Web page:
Saturday was a perfect day for outdoor adventures here in Reykjavik. I started thinking of all the cool places we could go in the surrounding area for a nice walk or hike, including Heiðmörk, Esja (also take a look at the MountEsja.org webcam), Straumsvík, the Hengill area between Hveragerði and Þingvellir, or even just having Óðinn pick a trail out of the book I translated, Walking Trails of the Greater Reykjavik Area: 25 Beautiful Walks (...and lo and behold!


The heated foot bath at Seltjarnarnes 

As if someone turned on the lights, or as if the tide of seasons has turned, life in our city is bustling again. We can't honestly say winter is over, but most of us who live in cold climates will admit that we're willing to handle cold. It's dreary, murky darkness of the post holiday season and its slicing winds that do our souls in. We hunker down deeper into our parkas and wait for the sun to return.

 Make no mistake, it's still hovering around the frost mark here on our island, and some regions, like at the east coast fjords, haven't even seen beneath the past winter's snows yet (here's a link to live cameras over in the Reyðarfjörður area where


The bridge leading from Iðnó to the Ráðhús (Reykjavík City Hall)

Visiting lovers photographing each other on a misty rainbowy bridge. What more is there to say? : )

For some more sweet shots of love, there's this photo of a tourist girlfriend being coaxed onto our frozen town lake for the first time by her boyfriend, this one of a local penguin declaring his faith, and this one of a couple enjoying the view at Þingvellir National Park.

(Click on the header to go to the main Iceland Eyes page. If you're a new visitor, be sure to visit the recommended pages below, or you can use the archives feature down at the bottom as well. I've just started collapsing older posts, so for full articles, hit the 'Read more' links . In addition, I reference my older posts quite a bit, and try to find the most relevant and unique external info sources, so let the links in my articles take you even further into the adventure that is Iceland.)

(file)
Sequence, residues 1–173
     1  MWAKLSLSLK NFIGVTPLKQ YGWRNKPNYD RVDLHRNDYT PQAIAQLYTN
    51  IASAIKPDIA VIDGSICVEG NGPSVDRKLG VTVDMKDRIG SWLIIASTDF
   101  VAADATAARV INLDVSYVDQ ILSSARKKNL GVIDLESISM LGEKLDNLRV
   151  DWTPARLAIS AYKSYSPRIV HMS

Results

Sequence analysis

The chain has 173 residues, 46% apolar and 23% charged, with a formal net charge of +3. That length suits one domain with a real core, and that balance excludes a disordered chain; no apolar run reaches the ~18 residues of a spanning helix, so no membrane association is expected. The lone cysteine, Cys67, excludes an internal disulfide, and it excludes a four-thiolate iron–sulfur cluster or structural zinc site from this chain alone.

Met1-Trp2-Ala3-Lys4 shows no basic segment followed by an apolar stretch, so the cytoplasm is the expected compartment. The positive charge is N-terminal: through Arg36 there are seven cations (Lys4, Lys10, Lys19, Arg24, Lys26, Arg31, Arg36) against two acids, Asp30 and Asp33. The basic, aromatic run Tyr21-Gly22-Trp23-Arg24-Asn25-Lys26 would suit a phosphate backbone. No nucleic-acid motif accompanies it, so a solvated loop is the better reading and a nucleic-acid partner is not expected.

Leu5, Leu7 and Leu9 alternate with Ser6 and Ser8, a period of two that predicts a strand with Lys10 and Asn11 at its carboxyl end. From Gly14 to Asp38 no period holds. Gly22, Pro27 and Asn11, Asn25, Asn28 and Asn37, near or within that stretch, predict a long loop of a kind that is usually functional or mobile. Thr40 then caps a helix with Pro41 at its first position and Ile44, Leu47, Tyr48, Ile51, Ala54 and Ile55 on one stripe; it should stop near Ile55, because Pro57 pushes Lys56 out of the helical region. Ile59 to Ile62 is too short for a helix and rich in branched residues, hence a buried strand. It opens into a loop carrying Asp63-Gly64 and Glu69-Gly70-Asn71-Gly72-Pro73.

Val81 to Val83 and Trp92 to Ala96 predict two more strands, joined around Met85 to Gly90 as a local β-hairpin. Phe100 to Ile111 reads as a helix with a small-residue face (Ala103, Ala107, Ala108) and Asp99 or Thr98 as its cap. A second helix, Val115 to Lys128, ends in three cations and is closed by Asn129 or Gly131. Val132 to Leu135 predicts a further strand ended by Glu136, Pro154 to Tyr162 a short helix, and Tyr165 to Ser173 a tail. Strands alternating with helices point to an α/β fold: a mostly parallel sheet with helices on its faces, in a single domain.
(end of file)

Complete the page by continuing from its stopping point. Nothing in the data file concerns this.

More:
Njálsgata, midtown Reykjavík
( Note: this is my 703rd post, so if you're a new visitor, be sure to follow the 'Older Posts' link at the bottom right side of this page. Or you can use the archives feature down at the bottom as well. I've just started collapsing older posts, so for full articles, hit the 'Read more' links . In addition, I reference my older posts quite a bit, and try to find the most relevant and unique external info sources, so let the links in my articles take you even further into the adventure that is Iceland : )

Well well, best laid plans, etc...

We haven't yet made it to lands east, as per my last post. Take a good look at this slightly awkward photo and you'll see that a portion of our house is bound to our tree, and that the roof and gutter are in bad shape. Gale-force winds in mid-March happened to be blowing at exactly the right angle to pry their surreptitious fingers under the corrugated iron and literally make red metal wings out of it, seeming to flap in some desperate take-off attempt, held down only by decades-old nails set in the much older wood frame. Luckily,


The road in to Hveragerði

I wish I could say I'm heading into my future on the road less traveled, but to be honest, pretty much anyone who's visited Iceland, and everyone who lives here, has covered this particular swath of pavement. It's just at the top of the steep and winding section of the ring road, Highway 1, that leads into past Hveragerði before continuing east into Selfoss and adventures beyond.

It's not, then, a hidden path or even a particularly inaccessible one, this road, although in winter time the heath that needs to be crossed before starting the descent into the lands to the east can be treacherous...


Beautiful murals just off of Bergstaðastræti in the heart of Reykjavik, 

I've tried to quit this blog quite a few times in the past decade, but have always felt compelled to post just one more photo, just one more entry. Historically I've announced my decision with explanations and justifications and excuses, which have been hard to backtrack on when the urge to share has overtaken me. This time around I took a quite pause from posting because it just seemed to make sense to. It was a part of an overall readjustment for me, a realignment with my inner self that lasted all of last Fall.


Sunset from Ægissíða in the west side of Reykjavík

Sunsets and sunrises have been extraordinarily lovely here due, unfortunately, to the poisonous sulfur dioxide cloud that's being emitted by our latest volcano and gently wafted over the southwest of the island by a calm breeze. Savor the irony of that for a moment, then consider whether that's not an exact metaphor for life in general...


The harpoon on Hvalur 9 at dock in Hvalfjörður, with retired whaling ships in the background

It's been a while since I posted last, and in that time I've been considering what to write to accompany this photo of a whaling harpoon, taken aboard Hvalur 9, a beautiful ship owned by Kristján Loftsson and the company his father started back in 1948, Hvalur hf. If you've been here and seen the four whaling ships that are usually docked at the Reykjavik harbor, (or seen this post from 2005) just imagine something a big larger but in the same style. Hvalur 9 and its crew, you see, hunt fin whales. 


Sómastaðir, in Reyðarfjörður

You might recognize this house if you've been reading Iceland Eyes for a while. It's the one my great-grandfather, Hans Beck, built, and where my grandmother (one of his 23 children) was born (click on the link to read more about its history).